NASA satellite plummets over the Pacific

Space experts have a "good feeling" no one was hurt but are uncertain whether it mostly fell onto land or water.

    Defunct satellite passed over Canada and Africa, as well as vast areas of the Pacific, Atlantic and Indian oceans [AFP]

    The six-tonne Upper Atmosphere Research Satellite belonging to NASA, the United States space agency, has plunged to earth, showering debris over a still unknown part of the planet.

    The bus-sized satellite first penetrated Earth's atmosphere somewhere over the Pacific Ocean, according to NASA and the US Air Force's Joint Space Operations Center. But that does not necessarily mean it all fell into the sea.

    NASA's earlier calculations had predicted that the 20-year-old former climate research satellite would fall over a 800km swath and could include land.

    Because the plummet began over the ocean and given the lack of any reports of people being hit, that "gives us a good feeling that no one was hurt", but officials didn't know for certain, NASA spokesman Steve Cole told the Associated Press.

    Risk 'remote'

    The UARS, stretching 10.6 metres long and 4.5 metres in diameter, is the largest US satellite to plummet uncontrolled into the atmosphere in about 30 years.

    It is slimmer in comparison to NASA's 75-tonne Skylab station, which crashed to earth in 1979.  Russia's last space station, the 135-tonne Mir, crashed into the Pacific in 2001, but it was a guided descent.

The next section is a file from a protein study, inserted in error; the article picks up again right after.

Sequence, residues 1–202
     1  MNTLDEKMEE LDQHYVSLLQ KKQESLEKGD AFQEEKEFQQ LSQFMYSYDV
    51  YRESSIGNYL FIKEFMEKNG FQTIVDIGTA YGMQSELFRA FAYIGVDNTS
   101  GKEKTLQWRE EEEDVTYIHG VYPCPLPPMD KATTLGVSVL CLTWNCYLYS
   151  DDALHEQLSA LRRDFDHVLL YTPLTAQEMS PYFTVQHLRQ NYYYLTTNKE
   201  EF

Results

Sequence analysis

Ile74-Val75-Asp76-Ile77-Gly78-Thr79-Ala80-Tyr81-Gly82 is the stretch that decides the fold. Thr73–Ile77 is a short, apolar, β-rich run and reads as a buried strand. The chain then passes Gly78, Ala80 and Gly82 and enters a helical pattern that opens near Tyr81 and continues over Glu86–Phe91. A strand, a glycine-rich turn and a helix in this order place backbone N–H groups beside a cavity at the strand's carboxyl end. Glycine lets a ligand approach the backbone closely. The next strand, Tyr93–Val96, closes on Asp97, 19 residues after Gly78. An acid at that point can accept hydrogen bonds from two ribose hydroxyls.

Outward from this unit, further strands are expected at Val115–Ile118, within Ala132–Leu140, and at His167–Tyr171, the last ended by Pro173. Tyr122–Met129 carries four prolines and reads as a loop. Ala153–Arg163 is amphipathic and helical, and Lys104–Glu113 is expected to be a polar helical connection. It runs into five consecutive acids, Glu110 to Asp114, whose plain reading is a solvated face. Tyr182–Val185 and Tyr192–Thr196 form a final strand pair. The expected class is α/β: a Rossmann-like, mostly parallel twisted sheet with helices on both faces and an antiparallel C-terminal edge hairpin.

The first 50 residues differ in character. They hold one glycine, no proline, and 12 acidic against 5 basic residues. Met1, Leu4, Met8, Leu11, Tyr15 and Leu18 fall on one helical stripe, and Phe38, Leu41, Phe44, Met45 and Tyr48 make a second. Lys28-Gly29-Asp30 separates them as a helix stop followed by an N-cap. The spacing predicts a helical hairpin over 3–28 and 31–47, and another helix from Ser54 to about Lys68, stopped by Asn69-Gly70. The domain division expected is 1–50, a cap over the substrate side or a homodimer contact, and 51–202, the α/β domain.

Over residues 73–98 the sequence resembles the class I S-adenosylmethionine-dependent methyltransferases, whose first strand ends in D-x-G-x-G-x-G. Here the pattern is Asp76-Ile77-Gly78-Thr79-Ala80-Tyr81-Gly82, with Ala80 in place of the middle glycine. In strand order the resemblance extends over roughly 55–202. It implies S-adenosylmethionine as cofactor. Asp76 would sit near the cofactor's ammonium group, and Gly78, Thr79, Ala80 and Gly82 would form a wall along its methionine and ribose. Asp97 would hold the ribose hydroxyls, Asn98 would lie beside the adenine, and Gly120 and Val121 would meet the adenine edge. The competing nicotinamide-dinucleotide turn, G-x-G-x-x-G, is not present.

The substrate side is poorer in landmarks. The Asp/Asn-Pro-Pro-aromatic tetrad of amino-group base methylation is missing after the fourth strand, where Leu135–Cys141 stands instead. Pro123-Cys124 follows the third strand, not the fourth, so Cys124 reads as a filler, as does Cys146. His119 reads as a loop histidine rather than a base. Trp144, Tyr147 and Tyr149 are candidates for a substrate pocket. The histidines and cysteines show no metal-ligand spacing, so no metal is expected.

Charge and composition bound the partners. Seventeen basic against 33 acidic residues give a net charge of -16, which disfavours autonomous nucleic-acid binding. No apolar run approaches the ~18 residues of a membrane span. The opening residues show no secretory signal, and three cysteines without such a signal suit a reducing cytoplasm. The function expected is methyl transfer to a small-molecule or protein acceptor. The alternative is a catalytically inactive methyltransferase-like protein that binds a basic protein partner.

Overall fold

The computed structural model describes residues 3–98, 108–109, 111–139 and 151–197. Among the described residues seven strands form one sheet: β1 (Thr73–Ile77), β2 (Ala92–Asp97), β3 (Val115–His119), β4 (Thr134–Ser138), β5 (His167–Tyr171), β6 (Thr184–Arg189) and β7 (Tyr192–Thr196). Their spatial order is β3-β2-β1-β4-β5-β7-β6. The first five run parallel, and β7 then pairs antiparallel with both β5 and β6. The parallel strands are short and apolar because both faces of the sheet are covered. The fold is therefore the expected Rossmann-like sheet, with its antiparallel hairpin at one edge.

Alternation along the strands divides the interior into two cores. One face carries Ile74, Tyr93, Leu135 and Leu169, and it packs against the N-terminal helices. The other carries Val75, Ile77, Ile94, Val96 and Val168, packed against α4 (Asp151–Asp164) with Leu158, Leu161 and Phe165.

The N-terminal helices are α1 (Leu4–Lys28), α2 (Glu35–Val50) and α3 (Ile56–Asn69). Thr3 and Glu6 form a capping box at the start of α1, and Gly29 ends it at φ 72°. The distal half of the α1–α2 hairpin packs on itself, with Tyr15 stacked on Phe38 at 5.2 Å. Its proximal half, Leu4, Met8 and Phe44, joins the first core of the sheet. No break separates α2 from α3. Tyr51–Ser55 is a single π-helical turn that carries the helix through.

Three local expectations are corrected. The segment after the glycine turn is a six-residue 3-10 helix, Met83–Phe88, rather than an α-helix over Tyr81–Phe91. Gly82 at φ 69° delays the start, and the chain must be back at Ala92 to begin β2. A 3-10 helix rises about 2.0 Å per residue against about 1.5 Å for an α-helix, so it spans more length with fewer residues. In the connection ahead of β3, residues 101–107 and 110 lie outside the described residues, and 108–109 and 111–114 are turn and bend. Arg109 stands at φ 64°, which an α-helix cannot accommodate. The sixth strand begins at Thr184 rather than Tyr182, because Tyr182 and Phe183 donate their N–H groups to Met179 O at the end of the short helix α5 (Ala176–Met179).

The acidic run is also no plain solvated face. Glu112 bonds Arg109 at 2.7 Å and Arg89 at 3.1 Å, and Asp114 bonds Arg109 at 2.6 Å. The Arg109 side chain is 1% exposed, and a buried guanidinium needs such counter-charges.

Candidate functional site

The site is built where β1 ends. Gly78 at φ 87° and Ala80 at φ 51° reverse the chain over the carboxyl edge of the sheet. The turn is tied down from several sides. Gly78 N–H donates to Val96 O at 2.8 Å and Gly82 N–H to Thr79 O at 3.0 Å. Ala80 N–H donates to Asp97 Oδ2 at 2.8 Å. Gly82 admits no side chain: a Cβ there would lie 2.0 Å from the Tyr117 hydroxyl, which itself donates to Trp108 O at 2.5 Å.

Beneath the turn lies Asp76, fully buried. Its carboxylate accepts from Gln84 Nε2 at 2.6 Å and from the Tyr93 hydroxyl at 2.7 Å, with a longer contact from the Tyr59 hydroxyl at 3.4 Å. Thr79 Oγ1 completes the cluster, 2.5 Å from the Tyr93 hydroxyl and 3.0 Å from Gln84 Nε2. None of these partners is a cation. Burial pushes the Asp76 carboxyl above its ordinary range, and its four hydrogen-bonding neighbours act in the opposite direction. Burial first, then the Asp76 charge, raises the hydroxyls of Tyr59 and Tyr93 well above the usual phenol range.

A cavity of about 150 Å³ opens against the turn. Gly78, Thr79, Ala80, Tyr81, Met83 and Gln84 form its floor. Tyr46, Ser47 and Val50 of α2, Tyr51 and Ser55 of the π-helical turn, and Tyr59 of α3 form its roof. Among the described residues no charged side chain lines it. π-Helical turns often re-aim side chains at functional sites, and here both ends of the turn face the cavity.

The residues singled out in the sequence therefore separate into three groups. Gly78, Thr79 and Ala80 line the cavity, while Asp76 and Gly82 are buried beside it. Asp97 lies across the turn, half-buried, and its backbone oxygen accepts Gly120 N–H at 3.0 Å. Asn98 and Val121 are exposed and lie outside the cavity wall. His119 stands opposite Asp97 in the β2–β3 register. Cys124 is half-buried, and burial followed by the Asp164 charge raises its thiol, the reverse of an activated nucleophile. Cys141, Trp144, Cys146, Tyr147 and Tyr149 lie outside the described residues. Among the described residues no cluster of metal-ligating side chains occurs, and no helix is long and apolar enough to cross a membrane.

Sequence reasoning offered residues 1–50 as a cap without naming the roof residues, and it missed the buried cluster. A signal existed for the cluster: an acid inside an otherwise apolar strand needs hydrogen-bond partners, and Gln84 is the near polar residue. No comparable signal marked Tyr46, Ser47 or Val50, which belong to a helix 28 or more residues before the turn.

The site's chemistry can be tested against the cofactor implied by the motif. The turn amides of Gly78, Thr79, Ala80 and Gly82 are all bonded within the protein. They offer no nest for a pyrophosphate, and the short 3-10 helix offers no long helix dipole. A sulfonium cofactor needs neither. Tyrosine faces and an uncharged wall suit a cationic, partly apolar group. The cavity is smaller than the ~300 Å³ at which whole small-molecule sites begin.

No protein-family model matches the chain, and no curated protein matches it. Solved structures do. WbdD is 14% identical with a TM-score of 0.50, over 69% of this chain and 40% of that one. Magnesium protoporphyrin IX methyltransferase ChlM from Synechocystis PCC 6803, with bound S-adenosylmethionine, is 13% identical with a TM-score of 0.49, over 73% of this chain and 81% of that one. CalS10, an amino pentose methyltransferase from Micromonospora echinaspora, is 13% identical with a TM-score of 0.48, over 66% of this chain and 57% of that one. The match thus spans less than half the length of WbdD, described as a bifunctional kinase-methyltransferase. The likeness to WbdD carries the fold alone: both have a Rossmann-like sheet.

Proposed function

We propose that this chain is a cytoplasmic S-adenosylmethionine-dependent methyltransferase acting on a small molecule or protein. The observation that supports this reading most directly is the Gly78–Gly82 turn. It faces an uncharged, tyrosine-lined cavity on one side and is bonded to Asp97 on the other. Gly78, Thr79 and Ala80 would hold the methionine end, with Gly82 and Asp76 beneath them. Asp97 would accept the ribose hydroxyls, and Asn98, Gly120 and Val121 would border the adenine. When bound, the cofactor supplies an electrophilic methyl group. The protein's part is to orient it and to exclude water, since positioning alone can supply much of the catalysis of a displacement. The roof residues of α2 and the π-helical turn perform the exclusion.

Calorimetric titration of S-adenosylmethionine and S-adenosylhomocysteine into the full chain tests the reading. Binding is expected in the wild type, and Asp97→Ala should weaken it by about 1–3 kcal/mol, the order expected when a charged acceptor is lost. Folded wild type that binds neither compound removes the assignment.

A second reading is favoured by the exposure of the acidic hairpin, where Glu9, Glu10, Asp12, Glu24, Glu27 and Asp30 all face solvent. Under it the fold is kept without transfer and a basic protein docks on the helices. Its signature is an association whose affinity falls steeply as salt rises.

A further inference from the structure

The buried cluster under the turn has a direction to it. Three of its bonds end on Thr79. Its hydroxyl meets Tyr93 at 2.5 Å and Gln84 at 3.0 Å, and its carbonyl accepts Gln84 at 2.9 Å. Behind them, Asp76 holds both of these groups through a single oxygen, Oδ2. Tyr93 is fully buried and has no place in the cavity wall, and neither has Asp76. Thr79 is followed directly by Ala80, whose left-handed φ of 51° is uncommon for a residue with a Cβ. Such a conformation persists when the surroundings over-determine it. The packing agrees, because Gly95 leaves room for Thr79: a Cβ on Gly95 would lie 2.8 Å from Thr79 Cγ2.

NASA now plans for the controlled re-entry of large spacecraft, but it did not when UARS was designed.

    Space debris weighing up to 500kg is believed
    to have survived incineration [EPA]

    The 5,897kg satellite was dispatched into orbit by a space shuttle crew in 1991 to study ozone and other chemicals in the atmosphere.

    It completed its mission in 2005 and slowly lost altitude ever since, pulled by the planet's gravity.

    Most of the spacecraft is likely to have burnt up during its descent through the atmosphere, but about 26 individual pieces, weighing a total of about 500kg, are believed to have survived the incineration and landed somewhere.

    With most of the planet covered in water and vast uninhabited deserts, the chance that someone could have been hit by falling debris is 1-in-3,200, NASA said.

    "The risk to public safety is very remote," it said.

    ROSAT expected

    Meanwhile, a German satellite is set to smash into Earth next month and the odds are even shorter that it could come down in a populated area.

    The UK's Telegraph newspaper said on Saturday: "The 2.4-ton Röntgensatellit, or ROSAT, has been spinning through space for 12 years after it was switched off in 1999 after its guidance system broke ... However, it is now believed that pieces of space junk weighing up to 400kg  could smash into the planet’s surface as early as the end of October."

    Approximately 20,000 pieces of space debris are in orbit around earth. Something the size of UARS falls back into the atmosphere about once a year.

    SOURCE: Agencies


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